Though Newton had been the first to derive calculus as a mathematical approach, Leibniz was the first one to widely disseminate the concept throughout Europe. This was perhaps the most conclusive evidence that Newton and Leibniz were both independent developers of calculus. Newton’s timeline displays more evidence of inventing calculus because of his refusal to use theories or concepts to prove his answers, while Leibniz furthered other mathematician’s ideas to collaborate and bring together theorems for the application of calculus. The history of calculus developed as a result of sequential events, including many inventions and innovations, which led to forward thinking in the development of the mathematical system.
In this essay, published in 1738, Voltaire explains the philosophies of not only Newton, but in a large part Descartes because of his contributions in the fields of geometry. In Voltaire's concise explanation of Newton's and other philosophers' paradigms related in the fields of astronomy and physics, he employs geometry through diagrams and pictures and proves his statements with calculus. Voltaire in fact mentions that this essay is for the people who have the desire to teach themselves, and makes the intent of the book as a textbook. In 25 chapters, and every bit of 357 pages, as well as six pages of definitions, Voltaire explains Newton's discoveries in the field of optics, the rainbow spectrum and colors, musical notes, the Laws of Attraction, disproving the philosophy of Descarte's cause of gravity and structure of light, and proving Newton's new paradigm, or Philosophy as Voltaire would have called it. Voltaire in a sense created the idea that Newton's principles were a new philosophy and acknowledged the possibility for errors.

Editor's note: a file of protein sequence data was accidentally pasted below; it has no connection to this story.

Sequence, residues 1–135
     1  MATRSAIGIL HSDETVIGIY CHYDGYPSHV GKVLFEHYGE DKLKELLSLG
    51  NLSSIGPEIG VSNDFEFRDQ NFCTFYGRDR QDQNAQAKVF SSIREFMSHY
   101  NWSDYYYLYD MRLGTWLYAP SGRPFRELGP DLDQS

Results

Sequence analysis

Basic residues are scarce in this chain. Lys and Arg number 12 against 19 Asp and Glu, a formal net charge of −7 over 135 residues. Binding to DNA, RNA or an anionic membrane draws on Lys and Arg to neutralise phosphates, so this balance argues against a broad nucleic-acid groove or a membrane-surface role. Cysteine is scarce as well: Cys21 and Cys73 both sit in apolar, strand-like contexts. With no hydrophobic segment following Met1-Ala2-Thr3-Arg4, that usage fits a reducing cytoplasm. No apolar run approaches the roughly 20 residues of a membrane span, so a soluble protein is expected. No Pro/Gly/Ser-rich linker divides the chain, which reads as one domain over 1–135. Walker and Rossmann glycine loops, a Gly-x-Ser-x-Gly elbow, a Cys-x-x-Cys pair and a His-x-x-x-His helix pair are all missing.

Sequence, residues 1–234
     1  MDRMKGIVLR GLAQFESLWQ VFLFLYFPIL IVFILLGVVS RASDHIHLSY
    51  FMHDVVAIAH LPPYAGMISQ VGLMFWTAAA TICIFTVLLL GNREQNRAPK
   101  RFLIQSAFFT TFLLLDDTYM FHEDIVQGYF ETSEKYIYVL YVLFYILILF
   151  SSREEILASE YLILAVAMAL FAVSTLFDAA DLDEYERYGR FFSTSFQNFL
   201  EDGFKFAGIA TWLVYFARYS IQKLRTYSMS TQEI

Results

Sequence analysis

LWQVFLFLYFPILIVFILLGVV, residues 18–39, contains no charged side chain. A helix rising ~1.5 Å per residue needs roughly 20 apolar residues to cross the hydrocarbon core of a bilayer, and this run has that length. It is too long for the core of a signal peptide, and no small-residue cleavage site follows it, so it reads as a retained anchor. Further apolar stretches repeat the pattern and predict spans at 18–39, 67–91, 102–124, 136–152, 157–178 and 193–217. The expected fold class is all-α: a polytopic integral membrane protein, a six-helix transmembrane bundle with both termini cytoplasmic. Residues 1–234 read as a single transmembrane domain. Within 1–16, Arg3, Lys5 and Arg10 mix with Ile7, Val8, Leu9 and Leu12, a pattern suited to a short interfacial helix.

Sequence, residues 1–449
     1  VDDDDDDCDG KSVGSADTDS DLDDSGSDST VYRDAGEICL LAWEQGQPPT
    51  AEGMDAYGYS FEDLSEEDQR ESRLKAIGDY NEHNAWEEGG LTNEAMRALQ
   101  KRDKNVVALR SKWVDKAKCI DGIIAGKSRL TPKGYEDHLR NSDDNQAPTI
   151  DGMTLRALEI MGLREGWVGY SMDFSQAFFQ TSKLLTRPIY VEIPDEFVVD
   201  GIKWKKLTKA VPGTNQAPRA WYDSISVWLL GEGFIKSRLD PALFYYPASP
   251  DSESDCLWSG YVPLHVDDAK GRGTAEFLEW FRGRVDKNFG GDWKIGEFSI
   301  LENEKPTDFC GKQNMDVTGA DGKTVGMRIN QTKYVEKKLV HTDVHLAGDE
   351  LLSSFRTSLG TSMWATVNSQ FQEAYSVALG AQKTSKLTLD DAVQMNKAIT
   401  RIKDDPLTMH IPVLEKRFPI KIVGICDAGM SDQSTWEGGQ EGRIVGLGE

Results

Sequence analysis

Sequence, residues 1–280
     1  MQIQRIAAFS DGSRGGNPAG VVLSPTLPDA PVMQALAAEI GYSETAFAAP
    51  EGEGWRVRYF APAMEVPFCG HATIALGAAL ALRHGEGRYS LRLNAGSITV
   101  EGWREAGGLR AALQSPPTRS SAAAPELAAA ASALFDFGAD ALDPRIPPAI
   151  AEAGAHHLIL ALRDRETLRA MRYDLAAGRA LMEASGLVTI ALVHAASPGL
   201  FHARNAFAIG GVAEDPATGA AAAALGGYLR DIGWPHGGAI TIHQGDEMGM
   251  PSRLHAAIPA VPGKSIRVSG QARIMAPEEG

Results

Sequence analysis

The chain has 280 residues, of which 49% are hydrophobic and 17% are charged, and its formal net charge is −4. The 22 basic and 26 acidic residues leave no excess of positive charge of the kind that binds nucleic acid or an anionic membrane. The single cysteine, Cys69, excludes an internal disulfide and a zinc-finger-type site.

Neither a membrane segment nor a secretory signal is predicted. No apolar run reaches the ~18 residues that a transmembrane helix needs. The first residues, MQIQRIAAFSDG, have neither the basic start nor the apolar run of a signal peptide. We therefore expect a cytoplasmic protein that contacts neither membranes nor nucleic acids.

The Abbasid dynasty was well reigned throughout the ninth century. Two important characters were Harun el-Rashed (786-809) and his son, al-Ma'mun (813-833) "who founded an astronomical observation and created a foundation for translating classical Greek works. "(p.171) Since Arabs conquered many of the rich provinces from the old Roman Empire they themselves were also becoming very wealthy with Baghdad as the trade center for the Middle East and Europe. Unfortunately for the empire there was at some point an awful fight between two brothers for the succession to the caliphate. This obviously hurt the Abbasids because they lost many monuments and people lost property.
Islam and Science The 6th century Islamic empire inherited the scientific tradition of late antiquity. They preserved it, elaborated it, and finally, passed it to Europe (Science: The Islamic Legacy 3). At this early date, the Islamic dynasty of the Umayyads showed a great interest in science. The Dark Ages for Europeans were centuries of philosophical and scientific discovery and development for Muslim scholars. The Arabs at the time assimilated the ancient wisdom of Persia and the classical heritage of Greece, as well as adapting their own ways of thinking (Hitti 363).
From about the 11th Century Adelard of Bath, then later Fibonacci, brought this Islamic mathematics and its knowledge of Greek mathematics back into Europe. Major progress in mathematics in Europe began again at the beginning of the 16th Century with Pacioli, then Cardan, Tartaglia and Ferrari with the algebraic solution of cubic and quartic equations. Copernicus and Galileo revolutionised the applications of mathematics to the study of the universe. The progress in algebra had a major psychologic... ... middle of paper ... ...ever have taken place without logs. Then the world changed.